<beans xmlns="http://www.springframework.org/schema/beans" xmlns:xsi="http://www.w3.org/2001/XMLSchema-instance"
  xsi:schemaLocation="http://www.springframework.org/schema/beans http://www.springframework.org/schema/beans/spring-beans-2.5.xsd">

	<bean name="userFilter" scope="prototype">
	</bean>

	<bean name="userGroupFilter" scope="prototype">
	</bean>

</beans>

Service components

Service components provide services for creating, updating, deleting and retrieving the model objects from a datastore. In this example application, we will be making use of Map collection for storing the model objects. The following class declares the Abstract Service class,
AbstractService.java

package net.javabeat.article.spring.rcp.introduction.usermgm.service;

import net.javabeat.article.spring.rcp.introduction.usermgm.model.BaseModel;

public abstract class AbstractService {

	public abstract M save(M baseModel);

	public abstract void delete(M baseModel);

	public abstract BaseModel getModel(Long id);

}

One concrete implementation for the above service class will be the User Service class which is defined below.
UserService.java

package net.javabeat.article.spring.rcp.introduction.usermgm.service;

import java.util.ArrayList;
import java.util.Date;
import java.util.HashMap;
import java.util.Iterator;
import java.util.List;
import java.util.Map;

import net.javabeat.article.spring.rcp.introduction.usermgm.filter.UserFilter;
import net.javabeat.article.spring.rcp.introduction.usermgm.model.User;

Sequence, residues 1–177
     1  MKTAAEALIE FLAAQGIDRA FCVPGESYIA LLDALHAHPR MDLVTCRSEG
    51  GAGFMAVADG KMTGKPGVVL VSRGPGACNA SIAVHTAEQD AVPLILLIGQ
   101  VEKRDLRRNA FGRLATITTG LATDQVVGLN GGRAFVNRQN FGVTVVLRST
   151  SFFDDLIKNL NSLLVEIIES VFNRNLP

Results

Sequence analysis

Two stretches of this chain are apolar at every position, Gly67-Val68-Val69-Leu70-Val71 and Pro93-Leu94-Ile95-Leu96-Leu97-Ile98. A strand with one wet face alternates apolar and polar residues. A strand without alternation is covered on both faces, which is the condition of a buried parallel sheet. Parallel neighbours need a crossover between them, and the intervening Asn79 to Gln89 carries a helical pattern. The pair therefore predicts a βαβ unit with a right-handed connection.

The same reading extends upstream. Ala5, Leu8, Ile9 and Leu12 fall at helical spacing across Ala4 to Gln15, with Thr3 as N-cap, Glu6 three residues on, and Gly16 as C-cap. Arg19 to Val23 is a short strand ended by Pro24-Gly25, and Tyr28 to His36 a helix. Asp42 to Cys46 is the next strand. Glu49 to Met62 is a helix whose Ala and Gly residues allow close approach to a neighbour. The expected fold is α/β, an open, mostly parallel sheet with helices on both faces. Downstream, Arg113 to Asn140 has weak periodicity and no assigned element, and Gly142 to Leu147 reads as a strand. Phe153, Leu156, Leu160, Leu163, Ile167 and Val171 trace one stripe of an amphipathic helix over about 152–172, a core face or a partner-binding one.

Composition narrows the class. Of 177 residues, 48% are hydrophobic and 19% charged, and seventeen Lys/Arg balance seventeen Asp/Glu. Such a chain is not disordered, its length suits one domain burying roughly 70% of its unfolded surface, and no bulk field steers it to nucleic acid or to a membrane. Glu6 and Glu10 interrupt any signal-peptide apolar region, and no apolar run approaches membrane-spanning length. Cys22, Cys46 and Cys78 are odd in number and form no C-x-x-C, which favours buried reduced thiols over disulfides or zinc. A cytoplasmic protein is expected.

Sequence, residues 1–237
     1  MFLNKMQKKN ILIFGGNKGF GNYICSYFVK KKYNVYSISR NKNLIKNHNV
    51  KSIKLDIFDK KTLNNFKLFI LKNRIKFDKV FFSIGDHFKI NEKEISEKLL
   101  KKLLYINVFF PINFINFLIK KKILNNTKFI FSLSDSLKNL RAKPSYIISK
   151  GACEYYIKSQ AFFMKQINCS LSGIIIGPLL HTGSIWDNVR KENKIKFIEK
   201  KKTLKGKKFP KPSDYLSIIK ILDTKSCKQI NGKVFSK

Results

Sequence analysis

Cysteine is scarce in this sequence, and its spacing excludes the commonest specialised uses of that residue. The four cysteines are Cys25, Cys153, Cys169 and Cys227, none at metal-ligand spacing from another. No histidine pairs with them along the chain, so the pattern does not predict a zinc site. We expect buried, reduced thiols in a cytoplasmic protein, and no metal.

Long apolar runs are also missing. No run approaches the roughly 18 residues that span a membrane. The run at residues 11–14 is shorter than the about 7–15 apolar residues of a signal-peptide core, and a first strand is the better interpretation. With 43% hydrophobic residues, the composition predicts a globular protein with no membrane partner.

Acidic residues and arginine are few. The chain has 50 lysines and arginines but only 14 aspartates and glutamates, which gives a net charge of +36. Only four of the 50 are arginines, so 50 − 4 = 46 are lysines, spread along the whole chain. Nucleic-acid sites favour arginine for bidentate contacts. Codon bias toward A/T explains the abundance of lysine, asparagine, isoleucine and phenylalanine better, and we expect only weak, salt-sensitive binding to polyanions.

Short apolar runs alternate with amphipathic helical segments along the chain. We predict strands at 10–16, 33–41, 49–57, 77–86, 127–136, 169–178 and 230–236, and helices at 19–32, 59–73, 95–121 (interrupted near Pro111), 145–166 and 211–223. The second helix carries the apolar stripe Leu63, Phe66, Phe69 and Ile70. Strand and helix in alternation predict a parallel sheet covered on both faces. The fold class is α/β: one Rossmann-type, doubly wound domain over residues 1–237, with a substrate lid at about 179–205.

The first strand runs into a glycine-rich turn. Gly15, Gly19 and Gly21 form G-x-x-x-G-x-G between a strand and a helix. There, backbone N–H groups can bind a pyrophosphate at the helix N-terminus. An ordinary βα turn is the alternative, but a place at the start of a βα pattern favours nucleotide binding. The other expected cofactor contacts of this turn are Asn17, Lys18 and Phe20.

public class UserService extends AbstractService{

	private static Map<Long, User> DATABASE = new HashMap<Long, User>();

	static{
		populateUserMap();
	}

	@SuppressWarnings("deprecation")
	private static void populateUserMap(){

		User user = null;

		user = user(1L, "John", new Date(1990, 1, 1));
		DATABASE.put(user.getId(), user);

		user = user(2L, "Ricky", new Date(1990, 2, 2));
		DATABASE.put(user.getId(), user);

		user = user(3L, "David", new Date(1990, 3, 3));
		DATABASE.put(user.getId(), user);

		user = user(4L, "Peter", new Date(1990, 1, 1));
		DATABASE.put(user.getId(), user);
	}

	private static User user(Long id, String name, Date dateOfBirth){

		User user = new User();
		user.setId(id);
		user.setName(name);
		user.setDateOfBirth(dateOfBirth);
		return user;
	}

	public User save(User user){
		DATABASE.put(user.getId(), user);
		return user;
	}

	public void delete(User user){
		DATABASE.remove(user);
	}

	public List findModels(final UserFilter filter){

		List filtered = new ArrayList();

		Iterator<Map.Entry<Long, User>> iterator = DATABASE.entrySet().iterator();
		while (iterator.hasNext()){

			Map.Entry<Long, User> entry = iterator.next();
			User model = entry.getValue();
			if (checkFilter(model, filter)){
				filtered.add(model);
			}
		}
		return filtered;
	}

	public User getModel(Long id){
		return DATABASE.get(id);
	}

	public boolean checkFilter(User user, UserFilter filter){

		boolean nameOk = true;
		if (filter.getNameContains() != null)